Raising a child in the United States is an expensive proposition. Around the nation, Americans are working hard to ensure they have enough money to pay rent, bills and childcare costs. It is not helping that childcare costs are rising, especially when compared to wages. Families are not making enough money to ensure they can affordably send their child to a quality daycare center.
Many families end up in a situation where one parent staying home is a better prospect than paying for childcare. It does not sound right, but it is the reality. Moreover, it is a decision that most Americans will need to address at some point in their lives. What percentage of their annual income should be going towards childcare?
Cost of Childcare
The cost of childcare is different in each American states. It is natural that states with major cities, such as New York, California, and Massachusetts, are more expensive than other parts of the nation. A 2015 study estimated the average family in the United States pays around $18,000 a year for childcare. The precise figure for your family would depend on where you live, how many kids you have and the age of those children.
There are a few options for childcare in the United States. Parents can send their children to daycare centers, which is typically the most affordable choice. There is also the option of hiring a nanny who comes to the house to take care of the children. In-home daycare centers are also becoming quite popular, especially in suburban areas. Their rates are often competitive with daycare centers.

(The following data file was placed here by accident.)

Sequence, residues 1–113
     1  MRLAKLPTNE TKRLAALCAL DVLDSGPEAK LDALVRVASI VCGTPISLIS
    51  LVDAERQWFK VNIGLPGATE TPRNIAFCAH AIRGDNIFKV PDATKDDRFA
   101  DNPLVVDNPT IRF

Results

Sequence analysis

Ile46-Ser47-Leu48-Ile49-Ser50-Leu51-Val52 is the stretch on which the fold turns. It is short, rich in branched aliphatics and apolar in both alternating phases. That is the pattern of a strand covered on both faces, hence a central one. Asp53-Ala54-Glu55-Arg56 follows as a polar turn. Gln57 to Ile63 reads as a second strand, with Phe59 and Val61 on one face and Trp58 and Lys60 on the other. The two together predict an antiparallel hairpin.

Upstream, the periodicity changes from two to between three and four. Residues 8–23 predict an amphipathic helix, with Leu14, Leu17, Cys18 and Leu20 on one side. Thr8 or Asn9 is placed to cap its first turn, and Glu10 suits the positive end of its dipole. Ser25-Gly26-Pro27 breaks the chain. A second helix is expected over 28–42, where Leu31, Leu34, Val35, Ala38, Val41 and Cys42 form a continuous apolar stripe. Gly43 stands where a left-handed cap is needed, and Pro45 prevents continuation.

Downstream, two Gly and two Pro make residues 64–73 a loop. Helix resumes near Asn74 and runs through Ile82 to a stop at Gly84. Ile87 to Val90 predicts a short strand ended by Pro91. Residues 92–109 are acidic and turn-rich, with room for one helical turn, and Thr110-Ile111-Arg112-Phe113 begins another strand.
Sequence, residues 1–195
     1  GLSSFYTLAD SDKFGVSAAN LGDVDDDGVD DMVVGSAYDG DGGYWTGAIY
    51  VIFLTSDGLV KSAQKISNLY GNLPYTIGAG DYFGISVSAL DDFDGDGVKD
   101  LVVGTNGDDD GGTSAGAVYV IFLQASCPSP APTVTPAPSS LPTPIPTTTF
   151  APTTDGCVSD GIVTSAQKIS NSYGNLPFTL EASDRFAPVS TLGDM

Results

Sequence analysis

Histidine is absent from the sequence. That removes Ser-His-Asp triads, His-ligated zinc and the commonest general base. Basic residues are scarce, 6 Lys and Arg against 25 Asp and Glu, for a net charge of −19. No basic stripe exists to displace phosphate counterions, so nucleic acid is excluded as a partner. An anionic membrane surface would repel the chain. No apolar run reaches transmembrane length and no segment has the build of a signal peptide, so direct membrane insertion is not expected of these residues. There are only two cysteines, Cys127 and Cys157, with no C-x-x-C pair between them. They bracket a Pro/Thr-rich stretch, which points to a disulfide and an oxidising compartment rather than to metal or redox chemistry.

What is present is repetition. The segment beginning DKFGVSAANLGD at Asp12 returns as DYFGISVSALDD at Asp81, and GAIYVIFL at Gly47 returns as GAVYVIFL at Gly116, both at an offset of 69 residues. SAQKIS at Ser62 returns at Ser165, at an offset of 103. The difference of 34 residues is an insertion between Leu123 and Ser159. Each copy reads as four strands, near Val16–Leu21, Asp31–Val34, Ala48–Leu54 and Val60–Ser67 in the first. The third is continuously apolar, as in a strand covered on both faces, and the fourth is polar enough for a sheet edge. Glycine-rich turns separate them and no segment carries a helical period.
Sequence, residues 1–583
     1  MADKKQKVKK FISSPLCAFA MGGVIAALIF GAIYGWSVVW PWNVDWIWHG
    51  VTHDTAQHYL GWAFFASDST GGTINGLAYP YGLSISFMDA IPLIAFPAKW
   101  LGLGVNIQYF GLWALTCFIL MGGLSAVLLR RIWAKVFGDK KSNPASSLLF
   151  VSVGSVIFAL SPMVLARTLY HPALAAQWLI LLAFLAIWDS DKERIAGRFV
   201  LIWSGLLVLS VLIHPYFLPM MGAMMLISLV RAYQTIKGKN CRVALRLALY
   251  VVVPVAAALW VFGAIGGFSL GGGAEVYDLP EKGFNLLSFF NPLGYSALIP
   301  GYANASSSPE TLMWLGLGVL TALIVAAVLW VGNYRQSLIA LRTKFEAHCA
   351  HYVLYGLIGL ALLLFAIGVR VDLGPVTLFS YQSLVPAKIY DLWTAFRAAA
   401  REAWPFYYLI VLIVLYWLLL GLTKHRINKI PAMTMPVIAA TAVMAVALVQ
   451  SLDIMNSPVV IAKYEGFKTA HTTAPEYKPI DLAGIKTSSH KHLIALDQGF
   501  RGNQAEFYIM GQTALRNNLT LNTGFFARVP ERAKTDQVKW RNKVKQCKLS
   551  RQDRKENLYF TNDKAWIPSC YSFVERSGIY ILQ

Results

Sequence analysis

The issue is that low and middle-income families are finding it hard to justify paying for a childcare solution when they are not earning enough through their jobs. Data from a recent United States census report illustrates the growing divide between the cost of childcare and a family’s weekly earnings.
If we start at 1984, the weekly cost of childcare has risen around 70 percent to 2011. These figures are true for a family with a working mother. In contrast, the median weekly earnings for such families has barely grown five percent. Now it is understandable why so many families are worried about childcare costs.
It was financially more feasible for women to enter the workforce in 1984, even if they had recently given birth, as opposed to 2011. The disparity is only becoming a bigger issue in 2018 and beyond – even though specific census data is not available for this year.
Ideal Annual Percentage of Income for Childcare
According to the United States Department of Health and Human Services, a family should be spending no more than 10 percent of their annual budget on childcare. If we take the $18,000 figure, a family would need to earn $180,000 to justify spending that much money on childcare for a year.
Families must crunch the numbers to see if they have a better chance of meeting that 10 percent figure with one parent working – as opposed to both parents working.